We have a lot of reasons to homeschool, so I wanted to share what went into our decision.
A quick note for my traditional schooling friends, I do believe how our children are educated is an area where we have freedom from God to do what is appropriate for our families. I think it’s a matter of conviction…what God lays on our individual hearts. I don’t think any option is wrong, whether it’s public, private, or homeschool. When I first had Fischer, I couldn’t wait for him to start school in a public setting. I couldn’t imagine at the time, being stuck at home with a child all day, and the responsibility of education laying on my shoulders. At some point in the past few years, Travis and I felt convicted on the matter and our hearts changed toward the idea. I know I am blessed with the ability to be able to stay home and homeschool, but I know there are several life challenges that would force us to choose another educational option. As we are able to consider homeschooling as an option, when weighing the pros and cons, homeschooling was the best choice for us especially considering our convictions.
-“It’s easier to water a garden than it is to have to constantly weed it.” There is zero pressure to conform to the world and provides a better opportunity to let individuality and learning flourish, little “keeping up with the Joneses”, no pressure to abandon values at the insistence of peers. We are part of 31% of the world population that places God as the primary focus in our lives, and want to weave Him into every area of our daily life. That is impossible to achieve in a public school setting. I know that’s why many parents choose private schools instead, but can easily fall into the false belief that they don’t have to do as much Biblical teaching at home since the school should be teaching it. Like my friend Julie just shared, the Bible is clear on the parents role to teach and train a child up. We can’t just leave it up to private school and Sunday school. We want to make sure their foundation in Christ is solid before throwing them to the world, I want be around my kids more than the world is around them, I want to help them learn how to live IN the world but not of it. “We cannot continue to send our children to Caesar for their education and be surprised when they come home as Romans.” -Voddie Baucham Jr.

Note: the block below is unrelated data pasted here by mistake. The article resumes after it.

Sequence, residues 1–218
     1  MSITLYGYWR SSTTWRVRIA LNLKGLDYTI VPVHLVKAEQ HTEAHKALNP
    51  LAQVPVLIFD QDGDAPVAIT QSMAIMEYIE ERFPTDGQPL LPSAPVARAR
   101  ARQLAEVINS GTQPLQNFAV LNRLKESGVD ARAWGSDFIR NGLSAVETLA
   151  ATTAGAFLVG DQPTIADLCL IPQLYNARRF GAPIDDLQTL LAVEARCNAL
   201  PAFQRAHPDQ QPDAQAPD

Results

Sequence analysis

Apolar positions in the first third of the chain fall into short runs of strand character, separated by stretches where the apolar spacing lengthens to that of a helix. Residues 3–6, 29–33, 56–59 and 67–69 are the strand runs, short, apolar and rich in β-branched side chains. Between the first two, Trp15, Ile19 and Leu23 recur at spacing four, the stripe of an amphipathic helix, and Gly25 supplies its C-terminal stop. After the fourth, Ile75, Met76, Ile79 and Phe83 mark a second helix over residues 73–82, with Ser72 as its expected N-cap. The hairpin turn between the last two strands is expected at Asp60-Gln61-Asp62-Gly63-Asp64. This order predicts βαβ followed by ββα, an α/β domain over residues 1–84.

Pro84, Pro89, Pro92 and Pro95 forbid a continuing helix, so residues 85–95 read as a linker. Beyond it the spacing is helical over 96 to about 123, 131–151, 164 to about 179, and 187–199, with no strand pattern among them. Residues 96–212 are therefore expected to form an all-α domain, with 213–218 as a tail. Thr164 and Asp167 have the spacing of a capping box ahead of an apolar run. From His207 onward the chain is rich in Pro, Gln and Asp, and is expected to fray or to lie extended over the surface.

-Fischer has specific needs as a student with ASD. Our district wants to provide special education support, with an IEP, with modifications that are considerate of his strengths and weaknesses. Public schools provide better special education programs because they legally have to, while private schools often lack in this area. If you are getting more one-on-one support in learning for a disability, the more ostracized you are by your peers. In large groups of peers, Fischer is frequently bullied or left out. It’s harder to grow academically in an environment where you are constantly challenged in other areas. At home, we can better focus on his strengths, have better opportunities to practice skills he’s deficient in at his own pace, we can reduce sensory stimuli to avoid meltdowns better, we have more freedom to do atypical activities, we have more wiggle room for speech therapy, occupational therapy, and ABA therapy during the weekday, if we decide to pursue those avenues.